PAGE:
brewer from NJ

Discussion in 'Introductions' started by BiggHaus, Jul 13, 2012.

  1. BiggHaus

    BiggHaus New Member

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    hello my name is chris . been brewing for about 6 months did about 3 extract batches and switched to BIAB. and have not looked back. i love this hobby :D
     
  2. LarryBrewer

    LarryBrewer Active Member

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    BIAB is a great way to brew beer. I wish I had found out about it earlier!

    Welcome to the site!
     
  3. Dan.Castanera

    Dan.Castanera New Member

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    Welcome Chris!

    It is a great hobby/lifestyle indeed. I've never tried the Brew In A Bag method yet but image it would make life a little easier then dealing with stuck mashs that won't drain out of the mash-tun. A problem we recently had to overcome... I might have to try a batch that way next time. :)
     
  4. chessking

    chessking New Member

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    BIAB is indeed a great process. Its a great way to move into all grain from extract with out the cost of equipment. I still use it for wheat and rye beers just to prevent the aggravation. If you haven't done it, give it a try sometime. It would be worth it just for the experience so down the road when that Roggenbier or Dunkelweizen comes back in the rotation you have a plan. Cheers!
     
  5. makemyday21

    makemyday21 New Member

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    I have to agree that BIAB is one of the best innovations in homebrew.

    I still shake my head at the advertisements I see for these elaborate 3 vessel systems with March pumps and bulky metal stands.

    I've been a BIAB'er since Jan 2012, having used extract kits prior.

    I have a blog at http://basicbrewinginabag.blogspot.com/ if you want to see my set and the evolution of my method.

    Ken
     
  6. cearum

    cearum Member

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    What kind of control do you get with brew in a bag? From an outside glance it might seem that you don't have as much control, but I can't be certain as I haven't tried it. Control meaning in temperature, volumes, gravities, etc.

    I like to get into the sciencey bits and controlling what I do to the best of my abilities, one step at a time. Right now I'm working on temperature control and hitting my correct temps, then it's pH. Other's might argue that pH is more important, probably, but I'm doing it my way. :D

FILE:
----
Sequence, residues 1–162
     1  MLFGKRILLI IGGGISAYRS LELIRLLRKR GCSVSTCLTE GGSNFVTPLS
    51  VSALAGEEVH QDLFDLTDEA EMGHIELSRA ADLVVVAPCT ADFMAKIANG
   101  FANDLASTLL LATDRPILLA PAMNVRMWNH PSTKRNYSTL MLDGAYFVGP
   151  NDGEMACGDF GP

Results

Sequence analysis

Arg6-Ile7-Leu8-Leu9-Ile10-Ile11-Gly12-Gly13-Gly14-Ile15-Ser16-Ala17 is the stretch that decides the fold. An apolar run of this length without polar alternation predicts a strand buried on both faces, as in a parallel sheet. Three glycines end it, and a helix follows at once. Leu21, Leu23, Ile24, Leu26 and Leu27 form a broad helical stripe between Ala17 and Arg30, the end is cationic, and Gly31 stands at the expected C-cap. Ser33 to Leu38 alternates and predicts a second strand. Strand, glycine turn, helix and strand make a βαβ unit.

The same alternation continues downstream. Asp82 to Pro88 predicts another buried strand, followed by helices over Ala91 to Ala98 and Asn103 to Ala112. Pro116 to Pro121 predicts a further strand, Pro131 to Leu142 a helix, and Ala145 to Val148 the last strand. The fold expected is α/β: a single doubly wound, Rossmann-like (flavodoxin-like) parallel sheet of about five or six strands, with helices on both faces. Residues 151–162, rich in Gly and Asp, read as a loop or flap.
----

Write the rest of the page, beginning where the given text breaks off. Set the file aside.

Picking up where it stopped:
7. chessking

    chessking New Member

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    BIAB is as easy to control as a traditional mash. One difference is you start out with your entire volume of water. therefore your finishing volume can be dialed in after a few batches. With no sparge, you eliminate the possibility of tannin extraction of over sparging, and no mashout is needed, just fire the kettle as soon as the mash is finished and the bag is removed.
    Also targeting a mash temp is easy as you are mashing in a heat-able vessel which facilitates multiple temp rests or a single infusion rest. Performing a decoction is the same if you need to, but with the ability to ramp up temperatures, this step is also unnecessary in most cases.
    One limitation could be with a 10 gal kettle you may not be able to get all the grain in for a big beer like a barlywine, but you can just mash what you can and supplement with DME to get the desired gravity, or make a smaller batch. Also, some say the efficiency of the mash is reduced, but from my experience this reduction is minimal and can be overcome with a recipe adjustment.
    After all, we are homebrewers and are not encumbered with the need to turn a profit. Our goal is to make good beer. Best of all your brew day is shorter, and cleanup is easier. Win win.

    Prosit!
     
  8. BrewHop

    BrewHop New Member

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    My friend does BIAM method but he does actually sparge. He does about half the bloil volume in the kettle and then has a separate pot after the mash is done that he places the bag in. A sort of a batch sparge mothod. I beileve he leaves it for about 10 to 20 min. I think he gets around 75 to 80% efficiency which is about what I get with my cooler mashtun and false bottom. Only think he is limited by is space since he has a 8gal kettle. I htink He can only do about 12ish pounds of grain.
     

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